Hi all, I hope you’re doing well during a period that many news organisations insist on referring to as “these uncertain times.” I know a lot of us are struggling right now with medical problems, lost work, unemployment benefits bureaucracies, anxiety about family and friends we can’t physically hang out with any more and all the other ripple effects of this virus. 2020 sure is a strange time to be alive.
A friend recently told me that the COVID-19 pandemic is this generation’s equivalent of a world war. He pointed to the economic upheaval, how it has interrupted everyone’s plans, the ways in which you and I are making small sacrifices to ease the strain on those battling the virus on the so-called “front lines.”
Now, a global pandemic with a mortality rate currently estimated at between two and four percent is scary, tragic and destructive — but undoubtedly less so than a world war. My friend was mostly referring to the pandemic’s potential to completely remake the world we live in. We’ve already seen free market-oriented governments in Australia, the United States and United Kingdom pass the kind of sweeping social welfare policies that, in normal times, would cause Mitch McConnell, Boris Johnson or Scott Morrison to pass out under an overload of apoplectic rage.
Amid the sweeping government reforms, we’ve also seen the usual wave of human resilience, positivity and support that accompanies this sort of thing. I don’t know about you, but friends and family have been sending me ridiculous amounts of positive or downright hilarious quarantine content — memes, videos, music, podcasts — and taken together, it all speaks to the human ability to band together in a crisis. There is a whole lot of suffering going around right now but, as a society, we will get through this.
As I watch all this unfold through my computer screen and in the strangely empty streets of my neighbourhood — Seattle was the United States’ first epicentre, and has been under some kind of quarantine order for more than a month now — I’m finding hope from what feels like a deeper source. This pandemic has shown our capacity for action, to neutralise an external threat and remake the world for the better in the process. And that kind of affirmation comes at an opportune time.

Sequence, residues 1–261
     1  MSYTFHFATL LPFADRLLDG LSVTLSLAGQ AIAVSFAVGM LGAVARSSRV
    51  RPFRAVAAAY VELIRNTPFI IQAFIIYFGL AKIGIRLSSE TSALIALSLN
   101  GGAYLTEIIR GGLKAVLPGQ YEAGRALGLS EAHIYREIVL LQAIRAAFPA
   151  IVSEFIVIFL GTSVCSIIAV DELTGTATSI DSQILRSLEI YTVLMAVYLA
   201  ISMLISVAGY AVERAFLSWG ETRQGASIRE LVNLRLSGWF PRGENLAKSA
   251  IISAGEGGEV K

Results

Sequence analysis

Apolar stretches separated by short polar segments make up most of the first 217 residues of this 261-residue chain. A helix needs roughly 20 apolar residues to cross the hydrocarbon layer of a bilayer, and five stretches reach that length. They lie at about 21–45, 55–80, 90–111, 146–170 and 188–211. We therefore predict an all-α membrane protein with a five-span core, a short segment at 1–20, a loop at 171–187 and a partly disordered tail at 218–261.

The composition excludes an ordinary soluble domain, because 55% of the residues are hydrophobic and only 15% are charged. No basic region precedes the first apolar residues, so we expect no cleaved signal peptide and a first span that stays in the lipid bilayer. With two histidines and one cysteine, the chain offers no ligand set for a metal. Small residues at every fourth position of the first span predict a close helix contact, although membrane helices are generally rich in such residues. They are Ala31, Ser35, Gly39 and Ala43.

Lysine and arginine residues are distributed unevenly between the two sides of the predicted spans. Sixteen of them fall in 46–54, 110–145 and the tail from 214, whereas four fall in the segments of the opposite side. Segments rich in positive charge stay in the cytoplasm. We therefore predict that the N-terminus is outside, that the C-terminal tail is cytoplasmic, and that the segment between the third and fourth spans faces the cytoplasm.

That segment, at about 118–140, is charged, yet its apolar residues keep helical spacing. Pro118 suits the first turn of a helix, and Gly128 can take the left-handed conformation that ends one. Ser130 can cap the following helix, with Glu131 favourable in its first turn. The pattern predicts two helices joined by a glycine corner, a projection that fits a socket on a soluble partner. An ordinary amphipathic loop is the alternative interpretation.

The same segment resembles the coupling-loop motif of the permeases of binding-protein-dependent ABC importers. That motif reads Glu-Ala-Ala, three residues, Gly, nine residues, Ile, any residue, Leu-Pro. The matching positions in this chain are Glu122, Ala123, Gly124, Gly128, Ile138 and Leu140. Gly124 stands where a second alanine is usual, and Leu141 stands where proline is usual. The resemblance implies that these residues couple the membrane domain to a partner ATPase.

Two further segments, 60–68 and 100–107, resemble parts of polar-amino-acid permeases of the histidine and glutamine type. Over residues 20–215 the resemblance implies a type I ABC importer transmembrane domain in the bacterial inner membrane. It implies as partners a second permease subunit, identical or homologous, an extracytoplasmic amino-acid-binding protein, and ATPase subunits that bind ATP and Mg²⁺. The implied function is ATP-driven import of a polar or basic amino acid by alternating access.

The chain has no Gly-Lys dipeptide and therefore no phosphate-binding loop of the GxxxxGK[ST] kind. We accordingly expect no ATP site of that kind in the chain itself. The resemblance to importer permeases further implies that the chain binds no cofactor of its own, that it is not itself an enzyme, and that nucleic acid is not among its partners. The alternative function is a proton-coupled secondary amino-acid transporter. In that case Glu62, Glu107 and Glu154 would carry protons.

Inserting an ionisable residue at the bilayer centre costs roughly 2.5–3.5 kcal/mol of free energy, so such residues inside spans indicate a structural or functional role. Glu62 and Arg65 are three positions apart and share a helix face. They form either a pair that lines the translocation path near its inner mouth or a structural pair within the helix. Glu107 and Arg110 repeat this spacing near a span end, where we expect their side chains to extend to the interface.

For years now, many of us have despaired at the global community’s apparent inability to put any kind of real effort into avoiding the worst effects of global heating. The Paris Agreement sounded nice, but most governments are way behind their obligations, trying to weasel their way out of them or, in the case of the world’s biggest economy, are set to withdraw completely later this year. Climate scientists, economists and geopolitical agencies have been shouting about what awaits us if we don’t act — a spiralling series of ecological collapses and natural disasters, corresponding social collapses, migrations and even war. Everyone whose job it is to know about this stuff is telling us that nothing good lies down the path of inaction.
Yet here we are, still inertia-bound on that same path. Maybe this is humanity’s fate, we wondered. Maybe we’ve lost the ability to act on such a massive scale?
And then the coronavirus exploded across the globe. Government officials who still check for reds under the bed before they go to sleep each night are enacting the kind of social policies that might have moved Che Guevara to raise an eyebrow. We’re finding new ways to work, to connect with one another and support businesses while observing public health guidelines. Auto plants and factories have, in a matter of weeks, turned into ventilator manufacturing machines. Teams of scientists are racing to create a vaccine, operating under the assumption that we’ll have one within two years.